Templo de San Francisco de Asis is a Catholic temple that belongs to the ecclesiastical jurisdiction of the Archdiocese of Puebla, Mexico.
Contributor:Inge Johnsson / Alamy Stock Photo
File size:86.1 MB (3.2 MB Compressed download)
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Dimensions:4480 x 6720 px | 37.9 x 56.9 cm | 14.9 x 22.4 inches | 300dpi
Date taken:26 May 2019
Location:Puebla City, Puebla, Mexico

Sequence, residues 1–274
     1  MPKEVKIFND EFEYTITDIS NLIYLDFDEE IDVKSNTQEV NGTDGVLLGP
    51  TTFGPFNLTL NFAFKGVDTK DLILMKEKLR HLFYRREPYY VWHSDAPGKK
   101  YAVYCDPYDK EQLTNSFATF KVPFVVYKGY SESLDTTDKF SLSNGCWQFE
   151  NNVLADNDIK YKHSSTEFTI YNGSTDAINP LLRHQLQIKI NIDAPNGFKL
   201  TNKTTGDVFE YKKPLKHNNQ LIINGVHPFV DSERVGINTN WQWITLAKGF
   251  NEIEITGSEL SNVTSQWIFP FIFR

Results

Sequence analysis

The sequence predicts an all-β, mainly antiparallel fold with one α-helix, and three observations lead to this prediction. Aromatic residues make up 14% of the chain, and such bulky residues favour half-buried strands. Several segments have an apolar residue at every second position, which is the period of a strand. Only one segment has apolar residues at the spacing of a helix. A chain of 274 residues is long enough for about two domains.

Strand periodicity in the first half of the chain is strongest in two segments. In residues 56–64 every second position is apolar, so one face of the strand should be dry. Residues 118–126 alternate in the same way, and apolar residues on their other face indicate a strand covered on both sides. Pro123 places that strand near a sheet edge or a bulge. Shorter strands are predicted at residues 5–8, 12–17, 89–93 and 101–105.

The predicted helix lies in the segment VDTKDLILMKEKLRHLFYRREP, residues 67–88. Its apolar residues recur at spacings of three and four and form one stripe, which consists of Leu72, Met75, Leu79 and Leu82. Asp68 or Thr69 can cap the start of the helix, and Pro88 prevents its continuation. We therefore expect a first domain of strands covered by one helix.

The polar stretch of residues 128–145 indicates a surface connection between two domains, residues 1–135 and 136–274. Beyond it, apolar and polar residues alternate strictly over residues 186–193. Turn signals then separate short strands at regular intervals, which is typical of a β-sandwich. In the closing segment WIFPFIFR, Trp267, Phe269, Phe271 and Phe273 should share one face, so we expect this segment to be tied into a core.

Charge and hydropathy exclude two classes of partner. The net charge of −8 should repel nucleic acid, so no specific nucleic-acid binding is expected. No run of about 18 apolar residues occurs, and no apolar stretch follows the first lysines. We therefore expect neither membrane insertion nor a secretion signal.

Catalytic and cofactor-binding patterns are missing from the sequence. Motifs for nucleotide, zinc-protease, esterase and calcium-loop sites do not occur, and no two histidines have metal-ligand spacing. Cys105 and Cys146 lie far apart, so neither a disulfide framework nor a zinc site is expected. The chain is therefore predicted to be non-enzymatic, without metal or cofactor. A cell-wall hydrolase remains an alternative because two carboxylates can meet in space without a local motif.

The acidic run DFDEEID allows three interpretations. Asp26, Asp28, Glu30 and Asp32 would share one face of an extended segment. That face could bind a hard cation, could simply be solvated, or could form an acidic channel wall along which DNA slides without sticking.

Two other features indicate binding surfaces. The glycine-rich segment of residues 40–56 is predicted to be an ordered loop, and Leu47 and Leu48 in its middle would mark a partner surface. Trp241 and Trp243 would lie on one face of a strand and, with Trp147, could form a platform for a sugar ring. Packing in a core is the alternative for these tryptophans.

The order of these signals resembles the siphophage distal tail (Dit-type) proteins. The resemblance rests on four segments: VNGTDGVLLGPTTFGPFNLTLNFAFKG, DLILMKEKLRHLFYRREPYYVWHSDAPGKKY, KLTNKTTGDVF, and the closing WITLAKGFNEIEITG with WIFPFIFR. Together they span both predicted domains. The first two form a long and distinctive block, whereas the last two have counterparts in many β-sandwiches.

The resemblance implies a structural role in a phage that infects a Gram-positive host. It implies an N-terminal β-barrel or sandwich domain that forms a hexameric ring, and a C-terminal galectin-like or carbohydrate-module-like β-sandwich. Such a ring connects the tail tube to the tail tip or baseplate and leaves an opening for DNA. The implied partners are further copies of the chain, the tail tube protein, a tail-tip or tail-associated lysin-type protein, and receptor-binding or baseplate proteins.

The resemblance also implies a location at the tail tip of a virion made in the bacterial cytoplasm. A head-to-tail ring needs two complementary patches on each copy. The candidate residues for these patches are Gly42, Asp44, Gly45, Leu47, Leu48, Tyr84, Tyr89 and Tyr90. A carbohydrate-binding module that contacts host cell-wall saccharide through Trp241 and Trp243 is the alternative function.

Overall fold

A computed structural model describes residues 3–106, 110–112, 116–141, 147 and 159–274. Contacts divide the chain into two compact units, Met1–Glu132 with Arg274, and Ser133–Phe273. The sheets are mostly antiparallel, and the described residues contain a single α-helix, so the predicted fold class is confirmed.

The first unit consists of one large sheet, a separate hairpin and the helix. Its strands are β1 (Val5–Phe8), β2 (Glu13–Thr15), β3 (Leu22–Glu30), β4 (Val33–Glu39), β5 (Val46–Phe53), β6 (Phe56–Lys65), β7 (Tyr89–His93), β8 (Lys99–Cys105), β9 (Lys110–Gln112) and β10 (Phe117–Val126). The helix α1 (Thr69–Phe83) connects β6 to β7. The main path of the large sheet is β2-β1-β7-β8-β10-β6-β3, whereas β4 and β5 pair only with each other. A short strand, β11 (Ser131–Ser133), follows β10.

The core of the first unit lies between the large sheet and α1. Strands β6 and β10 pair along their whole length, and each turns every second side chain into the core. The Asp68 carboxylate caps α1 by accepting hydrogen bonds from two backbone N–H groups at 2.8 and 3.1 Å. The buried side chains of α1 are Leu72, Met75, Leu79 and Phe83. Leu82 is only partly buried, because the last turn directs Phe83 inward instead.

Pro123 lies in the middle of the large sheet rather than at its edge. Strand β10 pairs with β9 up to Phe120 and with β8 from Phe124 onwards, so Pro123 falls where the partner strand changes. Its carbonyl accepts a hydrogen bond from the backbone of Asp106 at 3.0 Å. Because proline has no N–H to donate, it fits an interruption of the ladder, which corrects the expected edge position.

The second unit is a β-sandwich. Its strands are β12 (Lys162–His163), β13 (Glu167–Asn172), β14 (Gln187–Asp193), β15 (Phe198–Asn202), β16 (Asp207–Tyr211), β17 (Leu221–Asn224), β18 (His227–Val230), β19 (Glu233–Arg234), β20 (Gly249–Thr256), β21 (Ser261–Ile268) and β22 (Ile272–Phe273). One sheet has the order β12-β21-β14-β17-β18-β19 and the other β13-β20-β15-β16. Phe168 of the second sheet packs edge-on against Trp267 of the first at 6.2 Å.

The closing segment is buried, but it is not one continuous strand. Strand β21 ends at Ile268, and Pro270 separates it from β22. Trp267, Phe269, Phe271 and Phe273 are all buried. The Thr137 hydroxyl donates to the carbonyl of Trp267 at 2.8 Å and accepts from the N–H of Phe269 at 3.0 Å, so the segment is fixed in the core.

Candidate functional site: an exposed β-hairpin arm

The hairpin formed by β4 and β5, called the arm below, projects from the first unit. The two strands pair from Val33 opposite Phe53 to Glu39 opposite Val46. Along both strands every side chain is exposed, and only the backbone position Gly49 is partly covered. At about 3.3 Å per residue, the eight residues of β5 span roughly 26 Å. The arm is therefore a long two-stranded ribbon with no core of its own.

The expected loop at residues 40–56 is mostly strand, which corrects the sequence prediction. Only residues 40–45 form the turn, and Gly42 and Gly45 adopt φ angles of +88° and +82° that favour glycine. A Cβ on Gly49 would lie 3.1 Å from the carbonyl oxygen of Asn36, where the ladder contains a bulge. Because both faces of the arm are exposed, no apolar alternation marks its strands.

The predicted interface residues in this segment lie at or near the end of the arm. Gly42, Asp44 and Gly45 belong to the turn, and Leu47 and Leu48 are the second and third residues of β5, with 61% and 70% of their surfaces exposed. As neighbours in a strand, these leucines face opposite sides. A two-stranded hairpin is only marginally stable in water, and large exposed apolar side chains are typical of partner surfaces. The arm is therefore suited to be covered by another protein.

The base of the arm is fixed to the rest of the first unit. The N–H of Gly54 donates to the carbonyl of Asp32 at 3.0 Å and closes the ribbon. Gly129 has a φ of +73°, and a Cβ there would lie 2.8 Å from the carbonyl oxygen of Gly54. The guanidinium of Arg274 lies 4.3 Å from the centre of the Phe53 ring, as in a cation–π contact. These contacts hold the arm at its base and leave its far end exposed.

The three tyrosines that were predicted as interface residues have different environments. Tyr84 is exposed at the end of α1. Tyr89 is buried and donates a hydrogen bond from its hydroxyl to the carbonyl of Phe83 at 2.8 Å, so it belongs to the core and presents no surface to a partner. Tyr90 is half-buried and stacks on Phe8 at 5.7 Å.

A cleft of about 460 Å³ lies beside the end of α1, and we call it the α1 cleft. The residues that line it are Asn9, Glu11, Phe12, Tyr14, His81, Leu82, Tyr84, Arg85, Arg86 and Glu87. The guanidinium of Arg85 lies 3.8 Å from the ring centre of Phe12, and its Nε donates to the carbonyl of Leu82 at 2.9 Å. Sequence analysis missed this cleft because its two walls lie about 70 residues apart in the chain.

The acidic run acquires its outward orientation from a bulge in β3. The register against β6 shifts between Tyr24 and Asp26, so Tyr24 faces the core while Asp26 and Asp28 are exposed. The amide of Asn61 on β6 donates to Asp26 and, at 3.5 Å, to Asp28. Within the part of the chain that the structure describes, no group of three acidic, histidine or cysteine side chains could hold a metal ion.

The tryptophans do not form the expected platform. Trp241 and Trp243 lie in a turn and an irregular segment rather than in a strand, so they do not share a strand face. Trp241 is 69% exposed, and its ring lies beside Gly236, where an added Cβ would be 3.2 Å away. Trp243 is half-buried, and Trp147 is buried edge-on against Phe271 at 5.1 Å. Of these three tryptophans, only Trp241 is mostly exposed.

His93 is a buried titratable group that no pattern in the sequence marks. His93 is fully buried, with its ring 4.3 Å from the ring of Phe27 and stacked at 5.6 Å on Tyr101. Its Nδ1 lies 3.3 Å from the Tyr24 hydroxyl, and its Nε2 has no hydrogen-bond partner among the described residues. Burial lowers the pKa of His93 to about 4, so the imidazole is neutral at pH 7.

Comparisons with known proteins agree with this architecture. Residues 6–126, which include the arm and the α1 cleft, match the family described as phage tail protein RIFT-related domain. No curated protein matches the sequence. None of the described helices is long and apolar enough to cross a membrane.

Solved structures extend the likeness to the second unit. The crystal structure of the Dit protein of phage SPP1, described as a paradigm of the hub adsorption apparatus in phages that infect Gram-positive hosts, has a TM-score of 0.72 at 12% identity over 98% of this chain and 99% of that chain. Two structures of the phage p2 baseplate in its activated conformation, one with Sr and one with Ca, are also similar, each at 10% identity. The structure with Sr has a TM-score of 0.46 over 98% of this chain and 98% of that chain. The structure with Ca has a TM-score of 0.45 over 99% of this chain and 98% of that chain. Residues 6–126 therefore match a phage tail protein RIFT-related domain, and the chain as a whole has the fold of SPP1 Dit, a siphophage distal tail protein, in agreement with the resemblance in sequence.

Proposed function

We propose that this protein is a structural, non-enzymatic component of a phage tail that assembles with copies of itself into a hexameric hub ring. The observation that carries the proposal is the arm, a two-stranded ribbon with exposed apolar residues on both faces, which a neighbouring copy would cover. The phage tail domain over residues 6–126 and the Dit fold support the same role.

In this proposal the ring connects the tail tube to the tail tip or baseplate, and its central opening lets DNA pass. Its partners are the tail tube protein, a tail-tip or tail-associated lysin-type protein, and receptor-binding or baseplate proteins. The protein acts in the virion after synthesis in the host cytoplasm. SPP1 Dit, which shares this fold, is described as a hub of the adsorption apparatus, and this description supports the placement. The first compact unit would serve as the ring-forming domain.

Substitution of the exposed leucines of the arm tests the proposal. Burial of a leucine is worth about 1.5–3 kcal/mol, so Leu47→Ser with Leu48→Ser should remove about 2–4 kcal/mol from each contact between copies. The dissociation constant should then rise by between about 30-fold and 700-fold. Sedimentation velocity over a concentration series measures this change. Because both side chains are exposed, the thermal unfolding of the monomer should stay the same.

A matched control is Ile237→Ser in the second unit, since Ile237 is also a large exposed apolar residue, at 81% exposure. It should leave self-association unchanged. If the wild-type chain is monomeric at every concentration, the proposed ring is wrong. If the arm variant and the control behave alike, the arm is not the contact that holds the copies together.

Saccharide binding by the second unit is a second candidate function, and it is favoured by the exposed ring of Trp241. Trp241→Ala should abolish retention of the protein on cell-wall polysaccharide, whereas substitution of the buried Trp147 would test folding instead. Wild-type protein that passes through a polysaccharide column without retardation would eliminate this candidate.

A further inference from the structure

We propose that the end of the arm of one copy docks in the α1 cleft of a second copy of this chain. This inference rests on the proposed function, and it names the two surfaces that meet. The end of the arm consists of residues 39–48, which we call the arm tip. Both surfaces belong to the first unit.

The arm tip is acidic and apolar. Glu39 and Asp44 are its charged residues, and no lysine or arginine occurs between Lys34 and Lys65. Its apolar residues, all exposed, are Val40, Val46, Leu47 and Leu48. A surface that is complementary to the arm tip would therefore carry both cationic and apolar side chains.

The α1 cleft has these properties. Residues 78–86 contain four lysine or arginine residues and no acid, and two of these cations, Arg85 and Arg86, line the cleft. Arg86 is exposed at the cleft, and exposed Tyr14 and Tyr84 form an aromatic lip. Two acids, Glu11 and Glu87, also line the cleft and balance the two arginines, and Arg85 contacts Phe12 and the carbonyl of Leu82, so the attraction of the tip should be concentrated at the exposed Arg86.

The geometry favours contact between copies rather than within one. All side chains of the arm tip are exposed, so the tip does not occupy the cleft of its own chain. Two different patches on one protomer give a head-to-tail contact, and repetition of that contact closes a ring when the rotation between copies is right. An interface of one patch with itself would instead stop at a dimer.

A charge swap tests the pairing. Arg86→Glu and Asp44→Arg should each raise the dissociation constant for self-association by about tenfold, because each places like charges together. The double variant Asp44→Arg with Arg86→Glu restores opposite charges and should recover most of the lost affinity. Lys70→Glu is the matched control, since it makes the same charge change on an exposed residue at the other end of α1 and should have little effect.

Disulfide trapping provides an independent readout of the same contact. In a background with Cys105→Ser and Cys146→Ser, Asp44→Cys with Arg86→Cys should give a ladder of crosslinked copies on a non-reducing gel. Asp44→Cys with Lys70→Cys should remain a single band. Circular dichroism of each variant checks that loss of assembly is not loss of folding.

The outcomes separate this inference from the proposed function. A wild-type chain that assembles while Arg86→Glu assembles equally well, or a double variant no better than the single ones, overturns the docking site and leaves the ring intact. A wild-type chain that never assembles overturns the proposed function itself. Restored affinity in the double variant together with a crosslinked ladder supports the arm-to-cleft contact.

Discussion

Templo de San Francisco de Asis is a religious temple of catholic cult that belongs to the ecclesiastical jurisdiction of the Archdiocese of Puebla, dedicated to the five wounds of San Francisco. It was the first convent established in the city of Puebla. In one of its chapels the uncorrupted body of the blessed lego fray Sebastián de Aparicio is venerated. The temple of a single nave is reinforced with square buttresses and a parapet that tops the top floor. Its facade is of Churrigueresque style, made of quarry, brick and tile, built between 1743 and 1767 by the architect José Buitrago. The façade is flared with three walls with 14 large panels of Puebla tiles representing vases with flowers and two smaller ones representing God the Father and the Virgin Conqueror. --- Puebla, formally Heroica Puebla de Zaragoza and also known as Puebla de los Ángeles, is the seat of Puebla Municipality, the capital and largest city of the state of Puebla, and one of the five most important Spanish colonial cities in Mexico. A colonial era-planned city, it is located in (southern) Central Mexico on the main route between the capital, Mexico City, and Mexico's main Atlantic port, Veracruz—about 100km east southeast of Mexico City and about 220 km west of Veracruz. The city was founded in 1531 in an area called Cuetlaxcoapan, which means "where serpents change their skin", in between of two of the main indigenous settlements at the time, Tlaxcala and Cholula. This valley was not populated in the 16th century as in the pre-Hispanic period; this area was primarily used to the "flower wars" between a number of populations. Due to its history and architectural styles ranging from Renaissance to Mexican Baroque, the city was named a World Heritage Site in 1987. The city is also famous for mole poblano, chiles en nogada and Talavera pottery. However, most of its economy is based on industry.